- Questioning Stems Question Stems- Blooms
- Questioning Ladders Questioning Mat
- Pose-Pause-Pounce-Bounce PPPB.pptx
Stretch and Challenge
- Learning Pit resources
- Challenge cards Challenge-Cards
- Extension tasks Challenge-Wall.ppt
- Higher Order questioning (thinking Hats (cats)) thinking cats
Learning Objectives and Outcomes
- Blooms Taxonomy Blooms Challenge Wall
- How to use Success Criteria effectively
Context sheets & Lesson Pan
- what should go into a context sheet?
- How much Information is too much?
- Seating plans
Assessment for Learning
- Mind maps for reviews and consolidation
- In lesson strategies
- Keyword Tennis as a fun consolidation activity
- Blue Stickers and Whole School marking Policy
Behaviour For Learning
A successful observation is a combination of fantastic planning, enthusiasm and ensuring you do everything to ensure your pupils make adequate progress.
- Ask colleagues to team teach/ look over your lesson plans in the lead up to your observation- subject specialists could give you great ideas.
- Don’t plan to use a new whizzy AFL strategy in your observation if you have never trialled it beforehand.
- Prepare using a simple 5min plan
- Be consistent and follow policy procedures to ensure a calm learning environment
- Question throughout your lesson- ensure you know where pupils are at in their learning cycle. Act upon it- adapt- if they are not sure.
One term in at our new build and we are looking for new teachers to join us for 2017-18.
We have an Open day for teachers on Wednesday 29th March from midday, so get in touch at Recruitment@westfield.herts.sch.uk if you would like to meet us and look around.
We have opportunities for colleagues of all experiences, including training for those wishing to join the profession. We believe our CPD programme, outlined in the Blog, will support colleagues to continue developing their skills, and deliver outstanding learning in the classroom.
We believe the following applies to schools as much as it does classrooms.
The best classrooms are those where nobody feels anonymous, unsupported or under-valued – and that includes the teachers and teacher assistants.
Every school is a unique environment, and that concoction is often what gets under our skin, and us up in the morning. In setting out our core procedures, we wanted to establish a set of expectations for the classroom, and specifically for the new build, based on what we know about our students and how they learn best.
We make no apology for this, some are very much old school, and they are what we believe in and have found to be conducive for successful learning. Our CPD goes hand-in-hand with these expectations so we ensure that staff are supported in driving them.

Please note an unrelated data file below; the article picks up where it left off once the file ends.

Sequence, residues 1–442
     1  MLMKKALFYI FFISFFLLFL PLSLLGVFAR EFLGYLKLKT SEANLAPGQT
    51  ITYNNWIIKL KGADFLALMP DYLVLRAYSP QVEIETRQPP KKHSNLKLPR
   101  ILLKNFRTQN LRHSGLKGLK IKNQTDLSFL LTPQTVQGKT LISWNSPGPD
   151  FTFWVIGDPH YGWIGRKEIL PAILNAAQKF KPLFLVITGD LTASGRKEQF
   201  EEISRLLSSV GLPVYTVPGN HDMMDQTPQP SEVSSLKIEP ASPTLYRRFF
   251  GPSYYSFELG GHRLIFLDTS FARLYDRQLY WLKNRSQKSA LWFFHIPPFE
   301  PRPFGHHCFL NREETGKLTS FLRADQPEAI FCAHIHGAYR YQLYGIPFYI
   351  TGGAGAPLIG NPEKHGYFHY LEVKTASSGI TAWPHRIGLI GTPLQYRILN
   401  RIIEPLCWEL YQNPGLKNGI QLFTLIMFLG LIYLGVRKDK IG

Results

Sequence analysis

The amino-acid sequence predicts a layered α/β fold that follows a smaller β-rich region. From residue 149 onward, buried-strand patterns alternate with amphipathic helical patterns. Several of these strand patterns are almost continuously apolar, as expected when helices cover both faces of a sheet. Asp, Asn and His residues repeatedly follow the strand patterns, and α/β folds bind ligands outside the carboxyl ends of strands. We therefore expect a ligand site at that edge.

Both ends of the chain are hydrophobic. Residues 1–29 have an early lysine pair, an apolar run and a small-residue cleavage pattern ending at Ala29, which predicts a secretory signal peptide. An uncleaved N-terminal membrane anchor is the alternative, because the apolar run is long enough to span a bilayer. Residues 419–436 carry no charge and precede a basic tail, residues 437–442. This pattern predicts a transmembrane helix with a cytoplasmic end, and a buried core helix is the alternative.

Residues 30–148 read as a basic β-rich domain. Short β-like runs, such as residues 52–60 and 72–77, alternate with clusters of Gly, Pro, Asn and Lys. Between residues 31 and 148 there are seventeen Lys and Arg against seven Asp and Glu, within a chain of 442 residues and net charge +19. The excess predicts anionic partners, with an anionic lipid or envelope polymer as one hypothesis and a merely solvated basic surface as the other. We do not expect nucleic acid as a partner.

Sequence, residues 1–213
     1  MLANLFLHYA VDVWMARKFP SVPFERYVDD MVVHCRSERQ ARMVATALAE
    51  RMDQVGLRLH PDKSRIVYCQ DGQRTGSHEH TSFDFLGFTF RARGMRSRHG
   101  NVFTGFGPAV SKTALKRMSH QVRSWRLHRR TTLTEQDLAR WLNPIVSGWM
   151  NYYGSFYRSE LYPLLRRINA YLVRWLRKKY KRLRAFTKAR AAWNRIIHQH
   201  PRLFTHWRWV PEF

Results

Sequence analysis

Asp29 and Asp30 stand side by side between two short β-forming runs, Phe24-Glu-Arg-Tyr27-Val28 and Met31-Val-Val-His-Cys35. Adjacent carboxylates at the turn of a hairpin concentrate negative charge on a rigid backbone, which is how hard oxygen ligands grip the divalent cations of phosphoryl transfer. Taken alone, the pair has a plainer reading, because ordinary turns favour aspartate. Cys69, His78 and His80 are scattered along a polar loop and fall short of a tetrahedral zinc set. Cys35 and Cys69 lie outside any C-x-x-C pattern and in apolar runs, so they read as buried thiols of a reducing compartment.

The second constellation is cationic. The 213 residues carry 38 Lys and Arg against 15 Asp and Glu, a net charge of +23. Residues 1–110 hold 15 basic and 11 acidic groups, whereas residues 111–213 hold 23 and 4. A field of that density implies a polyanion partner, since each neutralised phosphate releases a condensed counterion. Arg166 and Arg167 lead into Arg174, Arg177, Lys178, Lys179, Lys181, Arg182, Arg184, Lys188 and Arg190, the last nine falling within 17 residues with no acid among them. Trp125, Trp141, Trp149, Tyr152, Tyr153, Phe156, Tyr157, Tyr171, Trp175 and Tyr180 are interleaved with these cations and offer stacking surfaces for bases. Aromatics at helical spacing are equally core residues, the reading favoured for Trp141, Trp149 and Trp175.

So without further ado…
The Westfield Way
- Meet, Great and Learn
Teachers meet their classes, 1 foot in 1 foot out. Pupils stand behind their chairs, based on the class seating plan and take out equipment and Planners. A Hook should be visible and ready for pupils to complete.
The classroom is a safe, engaging and stimulating environment for all to learn.
- Learning Objectives
Objectives ensure pupils are given clear and precise guidance on what they will learn by the end of the lesson (the lesson direction). Outcomes must stage the skills they will learn (Blooms) and embed during the lesson, and must be linked to grades / levels. They should link with the I-A-R cycle and be referenced and reviewed throughout the lesson.
- Input Activity Review I-A-R
Teachers must plan lessons making maximum use of lesson time and coordinate resources using the IAR cycle. This allows for exposition, engagement and assessment / feedback throughout the lesson.
- Challenge for All
Teachers differentiate appropriately, using approaches which enable pupils to learn effectively (scaffold up & down). The class context sheet must be used to illustrate an assertive understanding of all pupils in the class, so that consistent high expectations of learning and behaviour are embedded.
- Checking for Learning
Teachers must check the learning and progress of all pupils, through effective questioning and formative assessment strategies. This will enable teachers and pupils to be aware of the gaps in their understanding.
Teachers will use examples, models or exemplars to model quality and less than quality work.
- Regular Testing & Assessment
Teachers will provide summative assessments, as per the marking Policy: 1 blue Sticker and 1 regular test, per half term. Teachers will record this data on Go4Schools, and use this to provide descriptive feedback and guide students to set improvement goals.
Teachers will promote and use ICT to design focused lessons, to meet students’ technological needs in the 21st century. Teachers must use their Promethean board to deliver engaging and purposeful lessons.
Teachers will set Homework, as per the Homework guidelines: KS3 ½hour once a week and Ks4 1 hour once a week. Homework should extend the learning in the classroom and be engaging and purposeful, promoting a love for independent learning.
Teachers must incorporate a plenary/consolidation phase into the end of the lesson, to ensure pupils are able to present their learning and what skills they have used and developed. This is essential for teachers to be able to reflect and address any obvious gaps in knowledge and plan for a successful sequence of learning over time.
- Smooth Dismissal
At the end of the lesson it is expected that pupils pack up silently, stand behind their chairs and wait to be dismissed. It is expected that teachers follow them out and ensure behaviour and conduct is appropriate in the corridors.